On the Equality of the Two Sexes (France, 1673)

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Summary

France 1673, François Poullain De La Barre

In the backdrop of the dominant Cathothic doctrine that dictates how God ordained women to be physically and mentally inferior, a new wind of Enlightenment rationalist thought is emerging with Rene´ Descartes’ et al. In lieu of these developments de la Barre makes a bold claim: mental equality of the sexes. Autobiographical landmarks that Freedman (the editor of the book) discloses are how de la Barre became disenchanted with Catholicism while studying for the priesthood, then relocated to Geneva to convert to Calvinism, marry, and raise a family. Sharply criticized throughout his lifetime, de la Barre’s ideas were revived in the 20th century by biologist Simone de Beauvoir.

Based on reason and observation, the difference between the sexes is solely physical, since the mind ‘has no sex.’ What causes differences between minds are education, religious observance, and environment. Not gender. Minute anatomical inspection demonstrates no differences in the heads of men versus women, except women’s sense organs are “usually more sensitive” which is an example.* Since women possess requisite tools – body and mind – there is no reason why they wouldn’t be equally as capable as men in learning physics or medicine. In fact, women are more suitable. This is because coarse and heavy men are usually stupid, and delicately built men are always the cleverest.**

The goal of all our actions is happiness. Happiness is achieved via ‘clear and distinct knowledge’ which, Jesus and St. Paul claim, will extend happiness into the next life. Women are equally able to apprehend knowledge as men are, and therefore should be granted equal opportunities for acquiring truth. It is deleterious to use of the terms “manly” to denote courage strength or intelligence, and “like a woman” to denote a dearth in courage, resolution, and firmness. Saying that a man is “like a woman” should be a compliment, since the traits intimately associated with women are virtue, gentleness, and honesty.

de la Barre concludes that it makes no sense to justify mind differences in the sexes based on physical distinctions.

———————–Notes——————–

*Modern medicine does indicate anatomical and physiological brain differences across genders. See “The Female Brain” (2006) by Dr. Louann Brizendine

** de la Barre’s initial argument was that the physical weakness of women compared to men does not translate into intellectual inferiority. In contradistinction, this current argument assumes that there is correlation between body and brain. Even according to the argument that there is a correlation between body and brain, women’s physical ‘delicate’ disposition puts them at a mental advantage.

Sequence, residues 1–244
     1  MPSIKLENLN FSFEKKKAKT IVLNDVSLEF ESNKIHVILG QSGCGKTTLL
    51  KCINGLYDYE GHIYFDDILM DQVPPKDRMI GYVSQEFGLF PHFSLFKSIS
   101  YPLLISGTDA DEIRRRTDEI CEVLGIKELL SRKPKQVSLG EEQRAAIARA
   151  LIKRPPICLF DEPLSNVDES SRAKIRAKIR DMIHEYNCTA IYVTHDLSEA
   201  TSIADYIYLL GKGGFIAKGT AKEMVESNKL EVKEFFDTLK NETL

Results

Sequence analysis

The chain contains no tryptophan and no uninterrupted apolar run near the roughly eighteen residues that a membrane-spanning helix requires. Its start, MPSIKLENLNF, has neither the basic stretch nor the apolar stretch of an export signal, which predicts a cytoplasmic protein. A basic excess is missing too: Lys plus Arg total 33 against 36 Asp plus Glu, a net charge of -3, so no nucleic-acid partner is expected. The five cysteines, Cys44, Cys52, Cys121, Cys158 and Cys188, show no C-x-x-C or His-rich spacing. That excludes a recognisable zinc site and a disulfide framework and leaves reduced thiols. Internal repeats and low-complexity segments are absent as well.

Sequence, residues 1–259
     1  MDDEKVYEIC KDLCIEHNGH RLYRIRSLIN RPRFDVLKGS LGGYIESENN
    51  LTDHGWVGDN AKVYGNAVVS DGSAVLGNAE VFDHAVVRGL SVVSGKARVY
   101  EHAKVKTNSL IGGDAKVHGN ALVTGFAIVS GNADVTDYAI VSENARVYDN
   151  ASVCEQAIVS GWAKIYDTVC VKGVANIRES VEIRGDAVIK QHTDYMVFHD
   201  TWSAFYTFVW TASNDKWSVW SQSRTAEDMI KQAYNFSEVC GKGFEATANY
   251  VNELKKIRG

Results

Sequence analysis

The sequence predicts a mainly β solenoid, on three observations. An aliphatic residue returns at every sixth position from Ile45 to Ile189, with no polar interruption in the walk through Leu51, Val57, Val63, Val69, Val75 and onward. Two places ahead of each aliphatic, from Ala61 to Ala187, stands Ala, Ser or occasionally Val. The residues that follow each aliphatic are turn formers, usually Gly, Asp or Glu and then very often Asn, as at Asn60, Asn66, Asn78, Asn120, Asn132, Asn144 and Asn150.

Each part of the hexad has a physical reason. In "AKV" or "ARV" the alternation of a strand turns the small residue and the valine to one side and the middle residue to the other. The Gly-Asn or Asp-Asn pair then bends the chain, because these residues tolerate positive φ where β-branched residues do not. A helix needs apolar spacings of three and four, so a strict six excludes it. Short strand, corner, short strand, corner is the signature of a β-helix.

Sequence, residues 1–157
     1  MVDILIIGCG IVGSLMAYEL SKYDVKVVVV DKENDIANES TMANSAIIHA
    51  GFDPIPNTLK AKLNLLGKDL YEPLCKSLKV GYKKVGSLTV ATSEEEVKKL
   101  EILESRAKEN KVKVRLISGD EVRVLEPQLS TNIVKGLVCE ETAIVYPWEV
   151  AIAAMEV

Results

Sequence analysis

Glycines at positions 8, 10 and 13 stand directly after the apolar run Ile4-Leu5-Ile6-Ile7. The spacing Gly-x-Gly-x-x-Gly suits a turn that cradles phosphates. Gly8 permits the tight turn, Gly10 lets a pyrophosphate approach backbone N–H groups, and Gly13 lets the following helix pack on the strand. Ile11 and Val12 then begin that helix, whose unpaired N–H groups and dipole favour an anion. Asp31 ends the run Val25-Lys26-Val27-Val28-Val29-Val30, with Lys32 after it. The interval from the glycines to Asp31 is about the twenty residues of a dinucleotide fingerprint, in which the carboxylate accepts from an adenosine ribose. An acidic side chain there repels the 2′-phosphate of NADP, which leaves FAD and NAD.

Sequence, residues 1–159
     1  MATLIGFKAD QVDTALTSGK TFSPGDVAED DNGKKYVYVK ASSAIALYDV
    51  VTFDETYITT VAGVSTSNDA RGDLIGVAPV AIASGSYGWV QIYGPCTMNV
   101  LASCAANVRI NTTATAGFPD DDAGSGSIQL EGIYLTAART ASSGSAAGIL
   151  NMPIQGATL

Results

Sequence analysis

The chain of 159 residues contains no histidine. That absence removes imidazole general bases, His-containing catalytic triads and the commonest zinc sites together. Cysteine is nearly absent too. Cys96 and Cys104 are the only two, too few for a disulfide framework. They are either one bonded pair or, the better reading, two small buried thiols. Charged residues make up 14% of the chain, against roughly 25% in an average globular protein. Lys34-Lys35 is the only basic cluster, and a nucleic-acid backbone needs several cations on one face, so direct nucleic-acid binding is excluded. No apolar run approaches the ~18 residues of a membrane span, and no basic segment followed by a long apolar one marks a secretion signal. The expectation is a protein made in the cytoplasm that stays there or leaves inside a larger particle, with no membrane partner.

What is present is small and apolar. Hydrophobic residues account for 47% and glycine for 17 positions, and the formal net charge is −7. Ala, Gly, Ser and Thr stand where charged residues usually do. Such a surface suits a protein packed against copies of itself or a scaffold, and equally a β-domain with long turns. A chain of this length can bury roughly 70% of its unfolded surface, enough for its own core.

Reflection

de la Barre addresses men, and attempts to debunk what he sees as a common misconception: that the physical superiority of men over women translates to a superiority in intellect, and women’s physical frailty deems them intellectually incapable. He argues that women deserve the right to pursue knowledge and acquire positions and responsibilities that are highly regarded in the community (physics or medicine).

What strikes me here is the absence of the issue De Pizan’s 1405 work fought against. Specifically, de la Barre does not address the supposed moral inferiority of women. Perhaps the movement De Pizan was involved in had successfully debunked the myth that women are morally depraved and irresolute compared to men.

What’s curious is that de la Barre seems to address men – not women – in his appeal that women be granted access to knowledge. This is probably because men were the gatekeepers to the professions that involved intellect. I wonder if women were allowed to participate in the debate about “the woman question” regarding women’s capabilities and educational/professional opportunities. Even hundreds of years earlier there must have been some means of circulating discourse between women (recall that De Pizan’s work was addressed to women, not men.) And I wonder if there were many women who wanted to participate in such debates, since at the time many women must have also been convinced – by male intellects and the patriarchal and religious establishments – that they themselves were incapable of lofty intellectual pursuits, like engaging in public discourse about the role of gender in intellectual capability.

A barrier for males to accept de la Barre’s arguments is the ramifications it would have on their own livelihood. Allowing women into predominately male respectable occupations (physics, medicine) would intensify competition, and cost many men their jobs. So from a rationalistic economic perspective (whether or not those terms existed at the time), males had disincentives to embrace de le Barre’s argument of permitting women to engage in intellectual pursuits. So it’s no surprise that his work came under sharp criticism.

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